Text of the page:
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Pondering a mini-split AC

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Forum topic by farmfromkansas posted 07-22-2019 01:11 PM 384 views 0 times favorited 7 replies Add to Favorites Watch
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farmfromkansas

102 posts in 69 days


07-22-2019 01:11 PM

Was looking at info on sites about mini-split systems, and find Pioneer recommended on a HVAC website, they say the difference between DIY and regular systems is that the lines are pre- vacuumed on the DIY. Suppose you could cut the lines to length if you go with the regular system, as they use compression fittings, but you have to vacuum the lines. The units are still pre- charged with refrigerant, so really not that big a deal considering the up charge for the DIY units. Anyone have any recommendations for brand? Mitsubishi is priced out of the competition being multiples higher priced. Second, my shop is a little bigger than average, and is 25×50 inside, so looking at 1250 square feet, besides having a 17×25 store room with the DC, air compressor, lumber storage, and tire machine. There is an open door way between the two rooms. Assuming I would need a 2 1/2 ton ac, or maybe just get the 2 ton, and it will run constantly on hot days.


7 replies so far

View dbw's profile

dbw

300 posts in 2092 days


#1 posted 07-23-2019 05:42 PM

One of these days I’m going to get a mini-split for my garage. I have done some research and I have come to the conclusion this type of work is best performed by someone who knows how to. For me I could either spend countless hours messing with something about which I know very little (and potentially have a poor outcome) or I could hire a professional HVAC company and have it done correctly, fast, and, should there be a problem, have a number to call.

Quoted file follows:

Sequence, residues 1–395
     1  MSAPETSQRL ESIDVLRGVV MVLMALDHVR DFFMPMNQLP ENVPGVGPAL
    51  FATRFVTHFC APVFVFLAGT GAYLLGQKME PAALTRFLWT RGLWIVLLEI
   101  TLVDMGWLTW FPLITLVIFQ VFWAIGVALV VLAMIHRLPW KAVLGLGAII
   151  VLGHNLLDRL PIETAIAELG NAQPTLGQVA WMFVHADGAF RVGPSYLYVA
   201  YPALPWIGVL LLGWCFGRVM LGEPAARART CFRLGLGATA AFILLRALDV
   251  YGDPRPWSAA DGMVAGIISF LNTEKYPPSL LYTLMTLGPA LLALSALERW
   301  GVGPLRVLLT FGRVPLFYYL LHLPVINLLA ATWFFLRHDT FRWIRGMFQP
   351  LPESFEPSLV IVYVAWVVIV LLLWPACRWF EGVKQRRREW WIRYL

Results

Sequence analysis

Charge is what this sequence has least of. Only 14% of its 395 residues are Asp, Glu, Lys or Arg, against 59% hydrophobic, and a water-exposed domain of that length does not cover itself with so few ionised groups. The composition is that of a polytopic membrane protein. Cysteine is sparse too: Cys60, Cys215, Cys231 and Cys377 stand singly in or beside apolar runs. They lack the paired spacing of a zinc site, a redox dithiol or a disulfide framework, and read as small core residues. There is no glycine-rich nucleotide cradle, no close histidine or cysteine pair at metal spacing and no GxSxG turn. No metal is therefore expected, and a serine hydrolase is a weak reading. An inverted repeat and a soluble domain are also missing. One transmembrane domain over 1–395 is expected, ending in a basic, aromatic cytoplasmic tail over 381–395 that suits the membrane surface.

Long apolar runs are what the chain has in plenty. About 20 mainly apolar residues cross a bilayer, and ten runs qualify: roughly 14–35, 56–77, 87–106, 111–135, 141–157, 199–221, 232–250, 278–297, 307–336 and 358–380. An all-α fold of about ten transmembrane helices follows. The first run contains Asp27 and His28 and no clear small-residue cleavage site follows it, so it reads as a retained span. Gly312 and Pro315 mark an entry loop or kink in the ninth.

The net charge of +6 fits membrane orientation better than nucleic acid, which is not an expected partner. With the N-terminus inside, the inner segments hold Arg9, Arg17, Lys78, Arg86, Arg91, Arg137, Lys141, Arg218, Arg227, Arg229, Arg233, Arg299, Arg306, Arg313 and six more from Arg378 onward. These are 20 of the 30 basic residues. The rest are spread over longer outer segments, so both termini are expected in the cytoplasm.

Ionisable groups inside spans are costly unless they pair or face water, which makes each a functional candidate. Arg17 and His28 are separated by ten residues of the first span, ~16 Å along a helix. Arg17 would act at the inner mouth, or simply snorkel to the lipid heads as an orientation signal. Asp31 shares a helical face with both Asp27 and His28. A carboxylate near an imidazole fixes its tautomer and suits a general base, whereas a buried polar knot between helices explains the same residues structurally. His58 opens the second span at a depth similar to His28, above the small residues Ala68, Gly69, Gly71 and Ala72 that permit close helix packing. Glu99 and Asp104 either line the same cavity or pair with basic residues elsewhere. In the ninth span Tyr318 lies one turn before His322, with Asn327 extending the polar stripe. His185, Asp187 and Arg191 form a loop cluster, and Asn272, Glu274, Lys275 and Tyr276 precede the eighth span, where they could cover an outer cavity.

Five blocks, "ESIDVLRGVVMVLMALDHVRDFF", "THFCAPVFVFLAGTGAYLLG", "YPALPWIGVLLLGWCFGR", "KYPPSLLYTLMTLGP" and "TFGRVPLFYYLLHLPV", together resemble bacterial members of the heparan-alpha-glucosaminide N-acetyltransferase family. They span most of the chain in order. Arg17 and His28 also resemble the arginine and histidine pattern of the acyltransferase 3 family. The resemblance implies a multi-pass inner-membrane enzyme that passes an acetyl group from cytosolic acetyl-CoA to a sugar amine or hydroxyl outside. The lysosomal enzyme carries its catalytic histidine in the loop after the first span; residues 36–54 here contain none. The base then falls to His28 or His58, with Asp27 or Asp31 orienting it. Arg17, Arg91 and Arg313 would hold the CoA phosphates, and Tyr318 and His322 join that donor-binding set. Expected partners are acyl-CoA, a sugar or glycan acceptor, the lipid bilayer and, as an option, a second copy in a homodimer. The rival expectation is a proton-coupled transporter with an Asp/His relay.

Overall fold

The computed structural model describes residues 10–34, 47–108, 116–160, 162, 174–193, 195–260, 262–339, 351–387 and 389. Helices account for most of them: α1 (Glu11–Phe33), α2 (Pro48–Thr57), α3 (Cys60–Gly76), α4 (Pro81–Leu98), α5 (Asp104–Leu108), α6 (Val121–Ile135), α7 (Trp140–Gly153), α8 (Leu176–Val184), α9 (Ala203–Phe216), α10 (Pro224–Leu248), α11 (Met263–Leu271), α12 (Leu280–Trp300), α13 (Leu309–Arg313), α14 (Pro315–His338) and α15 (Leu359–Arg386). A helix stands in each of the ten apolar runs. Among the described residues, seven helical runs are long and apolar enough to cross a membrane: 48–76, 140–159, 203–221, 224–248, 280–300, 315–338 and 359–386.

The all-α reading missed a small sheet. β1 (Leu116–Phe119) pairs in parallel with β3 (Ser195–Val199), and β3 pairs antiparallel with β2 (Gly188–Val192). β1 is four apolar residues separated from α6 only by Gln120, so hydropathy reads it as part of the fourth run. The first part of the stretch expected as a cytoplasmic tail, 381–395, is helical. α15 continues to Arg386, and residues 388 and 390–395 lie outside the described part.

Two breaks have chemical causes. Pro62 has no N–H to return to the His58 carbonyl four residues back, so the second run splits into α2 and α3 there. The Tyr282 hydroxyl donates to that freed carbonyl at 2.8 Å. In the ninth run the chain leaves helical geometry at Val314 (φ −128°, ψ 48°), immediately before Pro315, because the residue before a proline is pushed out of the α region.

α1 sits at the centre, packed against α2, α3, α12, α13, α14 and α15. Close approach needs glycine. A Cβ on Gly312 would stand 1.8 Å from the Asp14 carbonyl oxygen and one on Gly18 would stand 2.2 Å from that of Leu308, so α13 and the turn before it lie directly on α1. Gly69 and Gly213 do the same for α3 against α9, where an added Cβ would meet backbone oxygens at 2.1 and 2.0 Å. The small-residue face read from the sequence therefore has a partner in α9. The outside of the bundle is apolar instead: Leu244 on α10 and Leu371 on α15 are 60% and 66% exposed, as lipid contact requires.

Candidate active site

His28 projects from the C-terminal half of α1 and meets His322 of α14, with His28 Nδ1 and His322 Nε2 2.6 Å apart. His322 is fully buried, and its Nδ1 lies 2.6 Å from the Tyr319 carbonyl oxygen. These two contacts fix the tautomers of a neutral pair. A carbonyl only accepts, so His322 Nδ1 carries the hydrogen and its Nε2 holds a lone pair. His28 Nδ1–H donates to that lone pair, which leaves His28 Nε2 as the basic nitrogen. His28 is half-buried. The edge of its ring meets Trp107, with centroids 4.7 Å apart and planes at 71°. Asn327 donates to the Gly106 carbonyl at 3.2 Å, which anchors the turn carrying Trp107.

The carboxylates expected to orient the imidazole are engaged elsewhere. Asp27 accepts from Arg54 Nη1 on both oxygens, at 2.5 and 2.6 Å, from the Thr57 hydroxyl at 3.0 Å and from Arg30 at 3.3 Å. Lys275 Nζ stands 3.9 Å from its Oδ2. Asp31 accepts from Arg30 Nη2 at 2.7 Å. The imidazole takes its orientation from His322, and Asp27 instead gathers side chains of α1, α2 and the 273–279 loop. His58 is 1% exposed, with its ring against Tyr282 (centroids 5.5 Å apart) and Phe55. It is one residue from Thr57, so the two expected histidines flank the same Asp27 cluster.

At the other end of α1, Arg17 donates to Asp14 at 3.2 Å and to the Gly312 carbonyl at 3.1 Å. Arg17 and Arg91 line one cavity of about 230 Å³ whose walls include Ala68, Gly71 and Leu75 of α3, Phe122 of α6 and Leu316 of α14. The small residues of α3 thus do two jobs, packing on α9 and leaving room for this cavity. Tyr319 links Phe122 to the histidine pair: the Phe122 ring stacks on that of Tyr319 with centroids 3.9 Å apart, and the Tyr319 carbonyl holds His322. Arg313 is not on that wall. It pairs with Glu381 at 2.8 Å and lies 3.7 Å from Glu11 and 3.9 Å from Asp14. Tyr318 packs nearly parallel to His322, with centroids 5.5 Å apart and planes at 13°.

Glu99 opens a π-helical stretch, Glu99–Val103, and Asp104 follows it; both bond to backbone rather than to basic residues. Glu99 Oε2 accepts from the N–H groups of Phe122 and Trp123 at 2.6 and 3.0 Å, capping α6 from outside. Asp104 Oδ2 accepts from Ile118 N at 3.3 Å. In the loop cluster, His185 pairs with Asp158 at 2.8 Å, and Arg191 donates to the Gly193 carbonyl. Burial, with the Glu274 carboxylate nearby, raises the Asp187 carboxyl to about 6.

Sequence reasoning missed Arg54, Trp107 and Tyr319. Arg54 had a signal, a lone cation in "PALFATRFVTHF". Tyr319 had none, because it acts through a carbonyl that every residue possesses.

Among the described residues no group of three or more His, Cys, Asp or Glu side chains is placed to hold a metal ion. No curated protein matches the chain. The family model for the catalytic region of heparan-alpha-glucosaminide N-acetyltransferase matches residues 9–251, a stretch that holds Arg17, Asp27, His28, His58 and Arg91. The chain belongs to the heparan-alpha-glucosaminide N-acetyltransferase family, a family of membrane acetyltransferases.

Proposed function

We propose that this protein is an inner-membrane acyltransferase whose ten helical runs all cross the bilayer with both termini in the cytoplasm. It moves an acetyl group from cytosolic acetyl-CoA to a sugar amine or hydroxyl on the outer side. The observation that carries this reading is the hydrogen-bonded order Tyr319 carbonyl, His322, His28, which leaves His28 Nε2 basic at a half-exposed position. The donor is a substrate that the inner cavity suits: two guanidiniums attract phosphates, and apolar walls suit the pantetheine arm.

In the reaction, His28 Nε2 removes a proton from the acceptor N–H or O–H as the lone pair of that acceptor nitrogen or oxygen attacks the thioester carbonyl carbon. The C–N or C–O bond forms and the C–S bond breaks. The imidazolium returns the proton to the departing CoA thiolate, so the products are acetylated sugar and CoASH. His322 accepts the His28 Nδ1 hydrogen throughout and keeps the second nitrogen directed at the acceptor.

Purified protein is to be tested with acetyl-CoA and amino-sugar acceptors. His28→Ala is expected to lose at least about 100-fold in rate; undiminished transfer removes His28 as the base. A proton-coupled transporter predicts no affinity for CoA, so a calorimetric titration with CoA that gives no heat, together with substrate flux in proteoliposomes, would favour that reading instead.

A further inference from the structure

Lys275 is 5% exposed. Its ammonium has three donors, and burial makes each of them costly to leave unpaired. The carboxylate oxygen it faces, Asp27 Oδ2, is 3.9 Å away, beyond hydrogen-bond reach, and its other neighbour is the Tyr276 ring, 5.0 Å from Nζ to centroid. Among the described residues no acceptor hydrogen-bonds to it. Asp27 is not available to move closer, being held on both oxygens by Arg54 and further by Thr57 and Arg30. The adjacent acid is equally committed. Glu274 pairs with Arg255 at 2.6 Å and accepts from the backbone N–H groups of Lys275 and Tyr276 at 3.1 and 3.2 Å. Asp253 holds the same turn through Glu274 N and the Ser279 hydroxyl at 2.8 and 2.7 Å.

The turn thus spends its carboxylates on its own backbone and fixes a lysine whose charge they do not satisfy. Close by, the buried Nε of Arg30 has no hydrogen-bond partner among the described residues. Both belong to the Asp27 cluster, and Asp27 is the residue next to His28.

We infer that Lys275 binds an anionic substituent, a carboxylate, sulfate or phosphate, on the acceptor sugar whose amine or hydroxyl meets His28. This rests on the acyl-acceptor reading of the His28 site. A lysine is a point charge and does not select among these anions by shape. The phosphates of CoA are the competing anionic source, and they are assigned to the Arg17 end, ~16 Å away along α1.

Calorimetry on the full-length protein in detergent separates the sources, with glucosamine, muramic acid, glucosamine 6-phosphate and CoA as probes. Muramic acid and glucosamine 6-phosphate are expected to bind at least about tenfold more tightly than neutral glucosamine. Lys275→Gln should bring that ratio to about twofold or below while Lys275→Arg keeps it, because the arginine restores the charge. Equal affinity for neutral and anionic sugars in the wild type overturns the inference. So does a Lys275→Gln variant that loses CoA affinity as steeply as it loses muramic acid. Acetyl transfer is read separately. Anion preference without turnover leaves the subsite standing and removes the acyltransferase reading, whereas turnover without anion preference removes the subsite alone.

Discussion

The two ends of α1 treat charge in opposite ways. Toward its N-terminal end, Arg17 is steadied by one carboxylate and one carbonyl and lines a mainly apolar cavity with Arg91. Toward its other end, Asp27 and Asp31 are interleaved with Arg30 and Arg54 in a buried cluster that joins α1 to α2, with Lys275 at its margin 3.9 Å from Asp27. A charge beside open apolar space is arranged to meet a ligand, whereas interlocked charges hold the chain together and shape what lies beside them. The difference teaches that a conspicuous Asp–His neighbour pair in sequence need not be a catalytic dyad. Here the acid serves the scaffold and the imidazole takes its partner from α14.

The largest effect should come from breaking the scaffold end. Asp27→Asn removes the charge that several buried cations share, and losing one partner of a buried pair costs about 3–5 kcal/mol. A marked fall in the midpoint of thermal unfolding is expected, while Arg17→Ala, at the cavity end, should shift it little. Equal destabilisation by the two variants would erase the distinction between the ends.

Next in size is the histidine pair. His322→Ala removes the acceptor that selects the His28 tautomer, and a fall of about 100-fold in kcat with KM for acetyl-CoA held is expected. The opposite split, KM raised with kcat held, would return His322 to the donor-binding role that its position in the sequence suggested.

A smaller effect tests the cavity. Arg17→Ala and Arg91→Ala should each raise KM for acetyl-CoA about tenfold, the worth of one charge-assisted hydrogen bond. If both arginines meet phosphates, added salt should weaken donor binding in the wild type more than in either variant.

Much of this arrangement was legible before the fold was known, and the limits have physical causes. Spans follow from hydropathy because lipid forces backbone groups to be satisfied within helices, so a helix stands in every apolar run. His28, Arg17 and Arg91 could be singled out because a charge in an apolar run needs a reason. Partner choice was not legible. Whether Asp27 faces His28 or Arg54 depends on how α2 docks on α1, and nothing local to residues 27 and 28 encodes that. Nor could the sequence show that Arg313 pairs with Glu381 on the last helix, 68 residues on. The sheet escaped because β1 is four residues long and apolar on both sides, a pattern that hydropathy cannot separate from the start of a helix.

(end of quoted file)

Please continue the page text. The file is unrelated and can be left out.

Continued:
-- measure 3 times, cut once

View EarlS's profile

EarlS

2988 posts in 2803 days


#2 posted 07-23-2019 06:08 PM

I’m going with a professional installation since I know very little about what systems are good and how to properly install them. The local HVAC rep recommended an Ameristar Ductless Heat Pump – 12,000 BTU/hr for my 13×20 shop.

-- Earl "I'm a pessamist - generally that increases the chance that things will turn out better than expected"

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farmfromkansas

102 posts in 69 days


#3 posted 07-24-2019 02:10 AM

I have a friend who is a retired HVAC guy. He installed the furnace and AC in my house, as well as the existing stuff in the shop. Just thinking the high efficiency of the mini split systems may make my shop cooling affordable, and I can do most of the work, he said he will show me how to use the vacuum pump and connect the unit.

View YesHaveSome's profile

YesHaveSome

156 posts in 714 days


#4 posted 07-24-2019 01:16 PM

I installed a Pioneer myself last year. I paid an HVAC tech $150 to vacuum the lines and do final connections. He also came to the house before I started just to walk through installation. It was easy.

If you’re going to cut the lines it makes no sense to get something like a Mr Cool. That’s the only difference between those and other brands (installation-wise).

-- But where does the meat go?

View clin's profile

clin

1051 posts in 1451 days


#5 posted 07-24-2019 07:33 PM

Mini-splits are great. I use one in my shop. 2 tons of AC is almost certainly too much for a 1250 sq-ft shop. Though I wasn’t 100% sure how this storage room figured into what you wanted to heat and cool. Even if this is added in at for a total of 1,675 sq-ft, 2 tons is probably more than you need.

Using square footage to estimate HVAC is close to useless. Heat load, has some relationship to square footage, due to the roof/ceiling area. But walls and windows matter a lot.

How the space is constructed, how much exterior wall area there is. Window size and location. Size of eaves and overhangs, if any. Type of roof and attic. And of course your local climate makes a huge difference in what your needs are.